GOP's New $1,000 Second Stimulus Check Proposal Lowers Amount but Expands Eligibility—Here's What We Know

Four Republican senators put forward an additional economic relief proposal on Thursday that would give every American citizen a direct payment of $1,000, while GOP lawmakers and Democrats remain far apart on broader proposals as the coronavirus pandemic continues to surge nationwide.

The Economic Impact Payments to all Americans plan proposed by Republican Senators Bill Cassidy of Maryland, Steve Daines of Montana, Mitt Romney of Utah and Marco Rubio of Florida would give every American adult with a Social Security number a $1,000 payment. Couples filing jointly would receive $2,000. Children with Social Security numbers would also be eligible for the $1,000 payment, meaning families of four would receive $600 more than they have under the bipartisan CARES Act, which was passed in March.

"As we consider additional relief measures, we should prioritize families by providing them with resources to help with the extra expenses they face as a result of COVID-19," Romney said in a Thursday statement about the proposal.

Cassidy shared similar sentiments, pointing out that "much of the burden of the pandemic has fallen on parents and children." He said that the legislation would prioritize "their needs by providing resources for school supplies, child care and other unexpected expenses."

Newsweek reached out to Senate Majority Leader Mitch McConnell and the White House for comment on the proposal, but they did not respond in time for publication.

On Monday, McConnell unveiled the HEALS Act, which would cost an estimated $1 trillion. That Republican proposal, which was written in consultation with the White House, would provide an additional $1,200 payment to Americans earning up to $75,000, just as the CARES Act did. The amount would be reduced gradually for those earning more than $75,000, and those earning more than $99,000 would not receive any payment. The legislation included numerous other measures, such as liability protections for businesses and additional unemployment insurance payments, albeit at a reduced rate compared with the jobless payments provided by the CARES Act.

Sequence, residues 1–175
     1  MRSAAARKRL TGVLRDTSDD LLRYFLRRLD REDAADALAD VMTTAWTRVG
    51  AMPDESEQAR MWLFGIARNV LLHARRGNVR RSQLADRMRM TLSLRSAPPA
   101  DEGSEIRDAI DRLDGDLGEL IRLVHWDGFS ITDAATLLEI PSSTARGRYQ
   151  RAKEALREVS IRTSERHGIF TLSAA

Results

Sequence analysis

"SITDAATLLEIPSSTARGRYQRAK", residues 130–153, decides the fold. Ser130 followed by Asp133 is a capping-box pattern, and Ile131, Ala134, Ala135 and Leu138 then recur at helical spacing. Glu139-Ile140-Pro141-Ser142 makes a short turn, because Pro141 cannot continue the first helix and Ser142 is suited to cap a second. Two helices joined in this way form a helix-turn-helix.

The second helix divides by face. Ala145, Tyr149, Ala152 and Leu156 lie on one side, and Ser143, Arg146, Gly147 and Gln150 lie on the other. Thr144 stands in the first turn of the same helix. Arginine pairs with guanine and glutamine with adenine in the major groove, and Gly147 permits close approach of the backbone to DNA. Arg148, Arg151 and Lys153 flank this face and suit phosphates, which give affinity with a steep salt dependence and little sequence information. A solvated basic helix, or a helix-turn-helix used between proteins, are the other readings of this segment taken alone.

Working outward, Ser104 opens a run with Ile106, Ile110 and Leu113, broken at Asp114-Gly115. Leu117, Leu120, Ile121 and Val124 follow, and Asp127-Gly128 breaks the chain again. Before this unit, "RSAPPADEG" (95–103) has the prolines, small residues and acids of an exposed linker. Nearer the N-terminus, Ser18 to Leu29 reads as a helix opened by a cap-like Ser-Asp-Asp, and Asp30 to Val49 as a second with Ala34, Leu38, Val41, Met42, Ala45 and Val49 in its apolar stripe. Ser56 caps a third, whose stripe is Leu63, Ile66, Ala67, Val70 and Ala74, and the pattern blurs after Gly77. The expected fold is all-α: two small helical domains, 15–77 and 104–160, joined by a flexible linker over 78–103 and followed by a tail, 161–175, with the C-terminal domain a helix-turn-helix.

However, McConnell's proposal faced significant opposition from several prominent Republican senators. Senators Ted Cruz of Texas, Rand Paul of Kentucky and Ron Johnson of Wisconsin have objected to spending more money, as the federal government has already added trillions to the national debt since the start of the pandemic.

"Borrowing $5 trillion might temporarily mask the pain of the government shutdown of the economy, but at what cost? The destruction of the currency?" Paul tweeted on Wednesday.

Rubio said that he normally would be concerned about the federal intervention but argued that the pandemic's extraordinary circumstances require a different response.

"I am opposed to massive government intervention in the economy as a general matter. But today's numbers should remind us that this pandemic is not a general matter," the Florida senator tweeted on Thursday. "It is an emergency which is defined as sudden & unforeseen circumstances that require immediate action."

Mitt Romney
Senator Mitt Romney leaves a Republican policy luncheon at the U.S. Capitol on June 9. MANDEL NGAN/AFP/Getty

Democrats have balked at McConnell's relief proposal, which significantly reduces the extra unemployment benefits paid out via the CARES Act. The GOP proposal backed by McConnell and the White House would reduce the $600 weekly payments to $200 in the short term. They would then be raised so a worker receives no more than 70 percent of previous earnings, with a maximum payout of $500, after states are able to accurately calculate the correct amount.

"Americans need to buy food & pay rent. Republicans shouldn't be quibbling over $600 for workers on unemployment," House Speaker Nancy Pelosi tweeted on Monday.

In May, the Democrat-controlled House passed the $3 trillion HEROES Act, which would have extended the $600 weekly payments while also providing additional $1,200 payments in the same manner as the CARES Act did. But Republicans dismissed that legislation as a Democrat "wish list," objecting to many of the other measures included in the massive package.

Now, as the pandemic continues to surge across the country, it's unclear when or how lawmakers will agree to proceed with new legislation. Negotiations between Democrats, Republicans and the White House are ongoing. While significant disagreements remain, all sides want to give out another round of direct payments to most Americans, making it likely they will be approved in some form.